The Handmaid’s Tale season 2 episode 9 review: Smart Power

Serena’s position is once again explored to good effect in the latest episode of The Handmaid’s Tale season 2. Spoilers ahead...

This review contains spoilers.

2.9 Smart Power

In international relations, hard power means force, soft power means persuasion, and smart power—the title of this episode—means forging advantageous alliances. That’s what June did this week in an attempt to arrange protection for her baby’s future. It’s what the Commander attempted to do on his failed diplomatic visit to Canada. 

For viewers here in the UK, the timing of the Waterfords’ trip could hardly have been more apt. While our news was filled with images of a visiting dignitary, his silent wife, and the crowds who turned out to protest their regime, the very same played out in The Handmaid’s Tale. Fred Waterford even took a swipe at the “misinformation” spread by a media that “doesn’t care much about the truth”. Who could rightly say whether or not Melania Trump was met by an agent in the hotel bar and offered a flight to Honolulu during her time here, but art and life continue to be hard to dissect where this show’s concerned.

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Making Serena the focus of the last few episodes has been season two’s most productive move. By now, it’s no stretch for us to understand June. She’s our hero—a  prisoner, rebel, and dropper of mics in her badass inner monologue. To understand Serena though, to stare into that impassive face and try to understand what it feels like to be her and to have done what she’s done… surely making that kind of empathetic leap is the whole point of fiction. 

In the same way that Madeline Brewer’s presence in a scene adds a frisson of tension because Janine’s wiring seems to have fused the self-preservation instinct required to survive Gilead, Serena has become fascinatingly unpredictable. We know now enough about the two Serenas—the private one who breaks the law and hates to knit and the public one who walks three steps behind her husband and colludes in genocide—to wonder which is going to emerge at any given time. Who could honestly say they knew for certain which way Serena would swing when pitched the “treason and coconuts” offer? 

After all, we’d seen the look on her face as the car took her through Toronto city centre. That woman wasn’t seeing Sodom or Gomorrah—she was looking through a window into the freedom of her past. 

At least, that’s what I think she was seeing. Did I imagine her nostalgic memories of chatting to colleagues on a busy work day or kissing a lover in the open air? Or the wince of humiliation when she was presented with the pictogram trip itinerary? In an episode about accepting, and then doing, the impossible, perhaps truly understanding a character like Serena is exactly that: impossible.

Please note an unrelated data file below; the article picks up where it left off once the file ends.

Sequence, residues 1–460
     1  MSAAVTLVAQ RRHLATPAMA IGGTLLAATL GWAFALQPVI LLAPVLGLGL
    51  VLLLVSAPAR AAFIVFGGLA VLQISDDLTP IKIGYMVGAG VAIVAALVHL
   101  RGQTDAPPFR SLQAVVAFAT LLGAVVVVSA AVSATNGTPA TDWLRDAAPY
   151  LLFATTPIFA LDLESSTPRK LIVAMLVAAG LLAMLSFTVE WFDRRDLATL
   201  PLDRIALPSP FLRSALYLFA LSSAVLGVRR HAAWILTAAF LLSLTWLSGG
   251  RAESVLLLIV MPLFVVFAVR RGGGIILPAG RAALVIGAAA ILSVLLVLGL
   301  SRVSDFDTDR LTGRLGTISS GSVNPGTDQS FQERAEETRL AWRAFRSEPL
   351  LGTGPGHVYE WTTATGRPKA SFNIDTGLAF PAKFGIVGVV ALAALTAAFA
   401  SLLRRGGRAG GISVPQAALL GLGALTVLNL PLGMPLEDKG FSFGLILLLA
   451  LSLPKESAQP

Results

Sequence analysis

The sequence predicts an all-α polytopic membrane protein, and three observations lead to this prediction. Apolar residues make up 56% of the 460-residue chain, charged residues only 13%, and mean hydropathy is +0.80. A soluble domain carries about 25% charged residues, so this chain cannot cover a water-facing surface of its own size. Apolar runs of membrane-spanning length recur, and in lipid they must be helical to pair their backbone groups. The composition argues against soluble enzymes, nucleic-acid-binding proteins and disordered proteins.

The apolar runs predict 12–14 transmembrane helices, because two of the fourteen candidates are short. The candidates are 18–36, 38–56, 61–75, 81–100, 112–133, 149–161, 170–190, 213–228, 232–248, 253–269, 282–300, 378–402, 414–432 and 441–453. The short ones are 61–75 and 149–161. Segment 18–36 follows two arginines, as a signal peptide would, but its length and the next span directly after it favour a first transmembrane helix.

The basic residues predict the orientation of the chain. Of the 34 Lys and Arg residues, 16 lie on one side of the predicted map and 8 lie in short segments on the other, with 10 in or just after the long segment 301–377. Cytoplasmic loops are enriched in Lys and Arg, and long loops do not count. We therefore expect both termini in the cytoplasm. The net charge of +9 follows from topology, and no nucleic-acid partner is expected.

One thing we do know is that whatever transgressions Serena makes against Gilead, she always ends up reverting to the mean (pun intended). Each step she took towards treating June like a person rather than a walking incubator was followed by two steps back. The kinship the pair almost reached during the Commander’s recovery disappeared after that beating. Disenfranchised, Serena snapped back to her former rigidity, and callously delivered the news that as soon as the baby was born, June would be surplus to requirements

June took the news like a punch. Then, ever resilient, she began to formulate a plan. If she wasn’t going to be around, this baby was going to need protection from elsewhere. First Rita was enlisted, then an even unlikelier ally: Aunt Lydia. Each agreed to do what they could within their own “reduced circumstances” (When Lydia’s flashback episode finally comes, you just know it’s going to be killer).

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June opened the episode with fatalism but—inspired by Moira—she closed it with courage. “I know I should accept the reality of you being born here, make my peace…” she told her baby (always a ‘she’ when June talks about her, always a ‘he’ when the Commander does), “but fuck that.”

Drop the mic. Drop the beat. The fight goes on.

Read Louisa’s review of the previous episode, Women’s Work, here.